Elton John - vocals, piano; Dee Murray - bass; Nigel Olsson - drums
Guitars are tough. No one will argue that fact. The good ones are made of little more than wood and metal and are designed to make awful noise - screeching, rumbling, wailing, chugging, skronky, angular, awful noise. And it's great. But piano? Aren't those for parlor recitals and dance choreography? Nay! Says Elton John. That bundle of pine and ivory was meant to rock!
In late 1970, Elton John was not yet a household name in the States, nor had he garnered much attention back home in England. That would soon change however, as "Your Song" made its way up the charts and his reputation for electrifying live performances spread. A chance encounter at a failed record audition four years earlier had introduced John to lyricist Bernie Taupin, the man with whom he would co-write some of the biggest hit songs of all time. Their initial collaborations yielded a truck-load of sappy ballads recorded by other "artists," but also a number of more substantial songs that would comprise Elton's debut record, Empty Sky, and its follow-up, Elton John. The latter was appropriately self-titled, as the more lush production and complex arrangements it contained introduced the world to its namesake's trademark sound.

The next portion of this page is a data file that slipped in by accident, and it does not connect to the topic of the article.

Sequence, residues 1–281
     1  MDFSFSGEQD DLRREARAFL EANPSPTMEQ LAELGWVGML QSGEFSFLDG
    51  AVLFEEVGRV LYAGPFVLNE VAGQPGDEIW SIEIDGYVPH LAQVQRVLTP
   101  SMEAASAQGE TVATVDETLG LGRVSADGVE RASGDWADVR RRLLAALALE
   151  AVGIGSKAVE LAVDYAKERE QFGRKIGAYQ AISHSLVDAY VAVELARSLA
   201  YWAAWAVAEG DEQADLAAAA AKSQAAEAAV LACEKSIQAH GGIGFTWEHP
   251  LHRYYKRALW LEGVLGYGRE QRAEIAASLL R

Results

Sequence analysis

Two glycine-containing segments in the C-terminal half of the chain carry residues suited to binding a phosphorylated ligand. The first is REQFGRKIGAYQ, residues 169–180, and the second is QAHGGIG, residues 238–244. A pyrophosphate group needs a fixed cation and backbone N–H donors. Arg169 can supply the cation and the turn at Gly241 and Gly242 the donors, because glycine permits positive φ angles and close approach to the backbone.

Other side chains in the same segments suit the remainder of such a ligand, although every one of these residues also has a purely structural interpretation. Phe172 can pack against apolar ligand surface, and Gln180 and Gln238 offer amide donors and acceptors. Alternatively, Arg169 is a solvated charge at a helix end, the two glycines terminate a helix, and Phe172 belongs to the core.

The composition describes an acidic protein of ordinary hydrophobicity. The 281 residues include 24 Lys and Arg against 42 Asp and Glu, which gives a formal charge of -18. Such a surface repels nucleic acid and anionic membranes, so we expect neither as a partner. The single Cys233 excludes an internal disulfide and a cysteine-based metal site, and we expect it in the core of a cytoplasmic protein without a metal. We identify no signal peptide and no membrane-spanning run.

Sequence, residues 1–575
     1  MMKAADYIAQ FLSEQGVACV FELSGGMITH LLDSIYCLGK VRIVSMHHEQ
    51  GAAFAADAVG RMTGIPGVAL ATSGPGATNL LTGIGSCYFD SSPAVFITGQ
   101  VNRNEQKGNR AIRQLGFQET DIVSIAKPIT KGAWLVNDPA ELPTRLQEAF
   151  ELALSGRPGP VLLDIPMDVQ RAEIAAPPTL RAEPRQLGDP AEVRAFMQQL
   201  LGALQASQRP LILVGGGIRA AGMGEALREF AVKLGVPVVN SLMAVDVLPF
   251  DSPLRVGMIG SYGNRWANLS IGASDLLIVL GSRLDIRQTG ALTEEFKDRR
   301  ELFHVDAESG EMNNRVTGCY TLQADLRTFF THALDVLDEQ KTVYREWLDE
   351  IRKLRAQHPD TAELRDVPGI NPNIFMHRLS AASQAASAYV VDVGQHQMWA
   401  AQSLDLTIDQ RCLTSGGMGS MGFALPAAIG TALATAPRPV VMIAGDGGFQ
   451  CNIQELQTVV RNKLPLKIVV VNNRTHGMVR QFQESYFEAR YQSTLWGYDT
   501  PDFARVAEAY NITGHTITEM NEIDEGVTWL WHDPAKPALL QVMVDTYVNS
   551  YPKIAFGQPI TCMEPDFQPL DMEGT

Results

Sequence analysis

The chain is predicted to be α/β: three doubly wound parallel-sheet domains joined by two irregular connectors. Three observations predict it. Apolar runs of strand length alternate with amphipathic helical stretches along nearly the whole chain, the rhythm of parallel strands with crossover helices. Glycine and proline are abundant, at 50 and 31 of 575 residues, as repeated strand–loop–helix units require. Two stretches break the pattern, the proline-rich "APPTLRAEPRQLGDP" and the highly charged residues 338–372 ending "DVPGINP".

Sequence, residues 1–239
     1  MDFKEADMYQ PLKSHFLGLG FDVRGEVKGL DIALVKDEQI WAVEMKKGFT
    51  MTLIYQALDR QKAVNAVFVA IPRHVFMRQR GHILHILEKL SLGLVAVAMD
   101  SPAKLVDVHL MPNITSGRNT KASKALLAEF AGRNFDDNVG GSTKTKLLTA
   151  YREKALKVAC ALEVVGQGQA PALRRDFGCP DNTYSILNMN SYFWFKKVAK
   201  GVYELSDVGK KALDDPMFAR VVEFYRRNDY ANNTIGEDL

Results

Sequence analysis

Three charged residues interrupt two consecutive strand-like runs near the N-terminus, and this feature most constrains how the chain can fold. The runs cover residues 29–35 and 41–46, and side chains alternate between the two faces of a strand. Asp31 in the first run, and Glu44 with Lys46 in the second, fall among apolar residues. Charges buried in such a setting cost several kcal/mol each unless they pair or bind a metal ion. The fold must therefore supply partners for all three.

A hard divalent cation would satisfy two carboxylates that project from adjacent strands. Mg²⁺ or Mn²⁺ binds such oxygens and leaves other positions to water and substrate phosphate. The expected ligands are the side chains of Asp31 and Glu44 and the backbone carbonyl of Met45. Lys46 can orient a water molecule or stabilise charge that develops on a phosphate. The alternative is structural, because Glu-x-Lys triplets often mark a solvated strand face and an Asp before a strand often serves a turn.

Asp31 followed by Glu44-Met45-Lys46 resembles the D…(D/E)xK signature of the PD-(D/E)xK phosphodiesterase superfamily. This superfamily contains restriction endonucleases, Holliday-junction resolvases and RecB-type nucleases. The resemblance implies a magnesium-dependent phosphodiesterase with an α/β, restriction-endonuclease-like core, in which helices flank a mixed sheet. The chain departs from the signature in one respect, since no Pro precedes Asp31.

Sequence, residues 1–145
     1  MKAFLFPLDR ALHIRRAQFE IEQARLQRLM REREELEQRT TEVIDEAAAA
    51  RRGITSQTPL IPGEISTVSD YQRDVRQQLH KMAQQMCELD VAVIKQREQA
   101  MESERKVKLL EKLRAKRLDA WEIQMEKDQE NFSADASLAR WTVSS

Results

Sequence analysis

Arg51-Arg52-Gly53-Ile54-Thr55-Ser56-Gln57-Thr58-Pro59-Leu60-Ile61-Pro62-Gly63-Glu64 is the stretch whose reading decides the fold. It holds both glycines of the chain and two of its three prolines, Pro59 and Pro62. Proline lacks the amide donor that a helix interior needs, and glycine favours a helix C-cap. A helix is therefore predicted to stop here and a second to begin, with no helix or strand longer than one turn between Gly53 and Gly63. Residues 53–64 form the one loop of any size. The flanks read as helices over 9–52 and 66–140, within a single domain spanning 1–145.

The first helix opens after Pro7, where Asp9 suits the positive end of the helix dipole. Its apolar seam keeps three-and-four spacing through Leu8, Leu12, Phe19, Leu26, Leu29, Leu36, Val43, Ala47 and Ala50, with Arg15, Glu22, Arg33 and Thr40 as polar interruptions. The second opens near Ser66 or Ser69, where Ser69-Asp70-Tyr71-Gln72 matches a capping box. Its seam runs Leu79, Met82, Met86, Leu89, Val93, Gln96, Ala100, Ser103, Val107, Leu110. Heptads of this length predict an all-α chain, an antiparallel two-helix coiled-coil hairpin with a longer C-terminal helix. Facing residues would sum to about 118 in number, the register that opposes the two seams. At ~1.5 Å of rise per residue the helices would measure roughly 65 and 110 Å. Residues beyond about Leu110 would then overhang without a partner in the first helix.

Opening for The Kinks in this Fillmore West appearance on his first U.S. tour, Elton John the man deserts the grandeur of Elton John the record in favor of a leaner presentation, accompanied only by his keystone rhythm section, Dee Murray and Nigel Olsson; but the songs don't suffer for it. These three guys make more commotion than the jumbo jet that brought 'em here! Elton explores the full dynamic range of his instrument from soulful torch songs like "Amoreena" to roof-blowin' rockers like his ultra-loose interpretation of Sly Stone's "Higher," or both with "Sixty Years On." The trio even gives the Stones a run for their money, delivering a low-down and dirty version of "Honky Tonk Woman" with burlesque exultation.
While many performers take years to find their voice, Elton John seemingly came out of nowhere fully formed and ready to take on the universe in the name of piano-men everywhere. This concert proves that he didn't need the elaborate costumes or Oscar-winning soundtracks to establish himself as a major star; all it took was 88 keys and a stage.
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